The nice thing about Paint is that you can select portions of the painting that you want to move or adjust in size without having to erase anything. Also, if you make a mistake or do something that you want to undo, you can simply go back, and it is undone. On the other hand, filling in the background is often the most tedious part. Finally, a magnifying glass allows you to blow up any portion of the screen; if you get it large enough, it is possible to make a diagonal line look smooth. Pixels, however, are not dots by squares, so a line can appear very jagged on the diagonal or any angle other than vertical or horizontal. In the end, once magnified, the edges of things need correcting, pixel by pixel. However, it is satisfying to see a painting take shape. The fantastic thing I have observed is that the painting takes on a life of its own, and I often wonder how I did what I did! It’s like magic when it comes together, creating something you are not sure how it happened.
WHAT VISUAL REFERENCES DO YOU DRAW UPON IN YOUR WORK?
When wanting to paint something I am not familiar with or have never actually seen in real life, I use a reference photo either taken by me or by a photographer who allows me to use the photo in this manner. When I first started, I thought it was cheating to use a photo and that anyone could copy it. One day I was at a print shop getting some cards made, and the proprietor was a sculptor. She was looking at a horse painting I had done and said it was very good-did. I took the photograph? I said no- I didn’t have a photograph, but I know what they look like since I’ve had horses all my life. She said but what if you wanted to paint a tiger? Wouldn’t you need a photograph? I advanced the cheating theory, and she laughed. She told me that was how details were achieved, and every artist uses reference photos. It was not cheating but creating a more realistic painting. After that, I took that thought to heart, and my work became more realistic. Obviously, with abstract art, no reference photos are required, and even with my landscapes, I use reference photos only sometimes. But with animals and people- and especially with commissioned works, a good picture is a must.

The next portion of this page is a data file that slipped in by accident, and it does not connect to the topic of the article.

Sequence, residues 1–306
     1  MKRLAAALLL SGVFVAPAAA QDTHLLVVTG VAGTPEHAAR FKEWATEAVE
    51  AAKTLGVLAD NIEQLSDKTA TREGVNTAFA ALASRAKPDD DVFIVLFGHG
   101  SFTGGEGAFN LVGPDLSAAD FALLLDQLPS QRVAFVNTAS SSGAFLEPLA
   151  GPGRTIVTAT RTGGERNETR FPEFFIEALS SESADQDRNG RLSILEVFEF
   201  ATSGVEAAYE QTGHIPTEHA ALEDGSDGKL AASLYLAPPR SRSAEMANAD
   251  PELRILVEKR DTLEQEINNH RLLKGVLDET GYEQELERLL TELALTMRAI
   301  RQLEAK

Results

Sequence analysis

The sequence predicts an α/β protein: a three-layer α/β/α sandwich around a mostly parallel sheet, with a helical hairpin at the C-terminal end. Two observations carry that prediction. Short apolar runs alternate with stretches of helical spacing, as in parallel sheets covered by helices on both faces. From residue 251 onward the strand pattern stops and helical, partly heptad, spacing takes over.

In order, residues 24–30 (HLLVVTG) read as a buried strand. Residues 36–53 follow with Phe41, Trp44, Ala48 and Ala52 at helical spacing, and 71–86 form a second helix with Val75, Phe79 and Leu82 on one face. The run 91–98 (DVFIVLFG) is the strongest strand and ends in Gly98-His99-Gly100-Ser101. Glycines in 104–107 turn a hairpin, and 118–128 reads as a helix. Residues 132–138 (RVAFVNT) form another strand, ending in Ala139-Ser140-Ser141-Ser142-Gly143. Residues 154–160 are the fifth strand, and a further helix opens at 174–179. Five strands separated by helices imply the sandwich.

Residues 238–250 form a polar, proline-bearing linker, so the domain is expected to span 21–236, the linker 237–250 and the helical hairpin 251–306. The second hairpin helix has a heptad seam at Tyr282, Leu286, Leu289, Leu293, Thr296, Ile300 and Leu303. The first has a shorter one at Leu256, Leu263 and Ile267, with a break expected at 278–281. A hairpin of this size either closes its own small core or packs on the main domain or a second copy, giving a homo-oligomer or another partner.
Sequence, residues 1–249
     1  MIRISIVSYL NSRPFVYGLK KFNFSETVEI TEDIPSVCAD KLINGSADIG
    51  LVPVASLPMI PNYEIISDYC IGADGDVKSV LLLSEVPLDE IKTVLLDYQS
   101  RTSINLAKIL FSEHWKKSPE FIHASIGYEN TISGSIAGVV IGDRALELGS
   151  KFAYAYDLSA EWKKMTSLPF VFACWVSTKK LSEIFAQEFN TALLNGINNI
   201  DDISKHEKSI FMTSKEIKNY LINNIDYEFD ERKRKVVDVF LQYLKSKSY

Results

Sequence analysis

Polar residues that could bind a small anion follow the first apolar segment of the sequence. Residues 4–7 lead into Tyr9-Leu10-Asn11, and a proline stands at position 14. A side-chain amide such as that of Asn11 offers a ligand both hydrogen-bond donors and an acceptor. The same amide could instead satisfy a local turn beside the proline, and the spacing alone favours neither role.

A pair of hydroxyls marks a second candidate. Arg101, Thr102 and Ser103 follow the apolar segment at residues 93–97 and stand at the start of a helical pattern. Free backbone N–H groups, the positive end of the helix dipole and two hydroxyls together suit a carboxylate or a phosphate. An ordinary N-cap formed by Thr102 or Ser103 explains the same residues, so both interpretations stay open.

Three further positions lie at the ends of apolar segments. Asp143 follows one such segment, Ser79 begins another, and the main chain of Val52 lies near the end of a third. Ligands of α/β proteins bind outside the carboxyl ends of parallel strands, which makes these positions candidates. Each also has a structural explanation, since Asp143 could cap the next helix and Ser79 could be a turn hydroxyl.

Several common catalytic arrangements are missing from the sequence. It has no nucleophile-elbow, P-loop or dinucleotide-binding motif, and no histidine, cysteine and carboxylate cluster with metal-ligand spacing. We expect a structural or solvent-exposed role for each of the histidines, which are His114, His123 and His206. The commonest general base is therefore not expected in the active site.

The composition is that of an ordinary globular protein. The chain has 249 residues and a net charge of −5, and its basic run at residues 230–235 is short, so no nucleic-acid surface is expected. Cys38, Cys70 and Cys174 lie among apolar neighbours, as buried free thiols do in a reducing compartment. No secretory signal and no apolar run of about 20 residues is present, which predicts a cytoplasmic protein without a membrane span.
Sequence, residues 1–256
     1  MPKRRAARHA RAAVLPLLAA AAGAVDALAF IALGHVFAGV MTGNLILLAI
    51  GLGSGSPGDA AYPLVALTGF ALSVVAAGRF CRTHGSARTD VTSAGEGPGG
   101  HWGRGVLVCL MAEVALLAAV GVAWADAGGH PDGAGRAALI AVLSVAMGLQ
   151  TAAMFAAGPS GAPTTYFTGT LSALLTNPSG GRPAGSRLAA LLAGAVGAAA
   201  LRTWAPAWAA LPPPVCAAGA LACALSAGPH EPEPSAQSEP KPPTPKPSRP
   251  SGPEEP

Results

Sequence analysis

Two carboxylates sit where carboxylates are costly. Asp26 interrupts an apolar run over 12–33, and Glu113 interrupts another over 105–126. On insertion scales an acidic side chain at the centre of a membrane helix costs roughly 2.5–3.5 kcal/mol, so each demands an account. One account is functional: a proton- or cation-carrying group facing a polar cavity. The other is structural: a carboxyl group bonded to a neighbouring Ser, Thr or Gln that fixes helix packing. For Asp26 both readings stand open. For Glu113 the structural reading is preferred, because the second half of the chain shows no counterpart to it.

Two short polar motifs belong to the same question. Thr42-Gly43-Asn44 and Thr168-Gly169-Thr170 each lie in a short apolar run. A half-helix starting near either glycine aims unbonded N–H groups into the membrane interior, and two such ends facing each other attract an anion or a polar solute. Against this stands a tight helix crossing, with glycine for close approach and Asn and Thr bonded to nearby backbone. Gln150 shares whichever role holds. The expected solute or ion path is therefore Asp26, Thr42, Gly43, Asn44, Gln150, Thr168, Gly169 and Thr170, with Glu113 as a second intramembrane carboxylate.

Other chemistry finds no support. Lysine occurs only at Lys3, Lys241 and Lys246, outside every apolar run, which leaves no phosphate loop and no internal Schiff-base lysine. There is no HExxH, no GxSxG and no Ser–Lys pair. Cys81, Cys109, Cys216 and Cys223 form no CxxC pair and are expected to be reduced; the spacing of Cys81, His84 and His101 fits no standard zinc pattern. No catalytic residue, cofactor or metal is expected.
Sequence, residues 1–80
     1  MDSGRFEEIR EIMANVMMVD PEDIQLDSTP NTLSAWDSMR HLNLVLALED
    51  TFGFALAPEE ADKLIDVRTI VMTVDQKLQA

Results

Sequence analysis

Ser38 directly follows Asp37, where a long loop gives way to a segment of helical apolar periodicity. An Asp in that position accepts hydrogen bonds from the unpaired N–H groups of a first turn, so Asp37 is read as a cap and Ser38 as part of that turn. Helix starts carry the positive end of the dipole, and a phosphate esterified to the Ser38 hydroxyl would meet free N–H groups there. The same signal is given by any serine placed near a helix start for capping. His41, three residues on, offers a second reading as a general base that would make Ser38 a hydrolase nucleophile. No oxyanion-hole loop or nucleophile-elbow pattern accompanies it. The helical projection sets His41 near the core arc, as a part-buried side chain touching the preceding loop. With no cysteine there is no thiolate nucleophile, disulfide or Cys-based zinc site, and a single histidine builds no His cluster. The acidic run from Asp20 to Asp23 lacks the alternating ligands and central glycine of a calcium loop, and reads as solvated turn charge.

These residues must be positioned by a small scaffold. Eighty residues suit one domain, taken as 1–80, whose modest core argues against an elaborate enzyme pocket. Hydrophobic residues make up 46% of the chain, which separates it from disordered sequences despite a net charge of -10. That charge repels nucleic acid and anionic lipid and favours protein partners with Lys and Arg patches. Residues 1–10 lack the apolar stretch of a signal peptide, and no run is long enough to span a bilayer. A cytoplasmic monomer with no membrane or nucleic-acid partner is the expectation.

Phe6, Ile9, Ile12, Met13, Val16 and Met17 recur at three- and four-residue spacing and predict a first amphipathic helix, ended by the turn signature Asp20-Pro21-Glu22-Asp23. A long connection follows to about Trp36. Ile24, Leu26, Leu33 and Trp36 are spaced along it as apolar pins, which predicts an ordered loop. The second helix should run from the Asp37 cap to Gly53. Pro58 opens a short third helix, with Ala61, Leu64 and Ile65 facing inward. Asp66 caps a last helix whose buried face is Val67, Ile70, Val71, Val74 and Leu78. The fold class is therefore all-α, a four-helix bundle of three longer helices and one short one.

I like to take the photos myself as quite regularly, people who want a commissioned portrait give me photos that do not suffice. I get enough details from the photos, though, to be able to do a good painting although perhaps in a different position or scene.
ANY UPCOMING PROJECTS?
I have paintings presently in the Brownsville Museum of Fine Arts for an exhibition and sale during May-June. I also have some paintings juried into an online show with The Colors of Humanity, starting May 1. With a tiny budget for participating in competitions, I still try to do so once in a while when something comes along that is relevant to my work.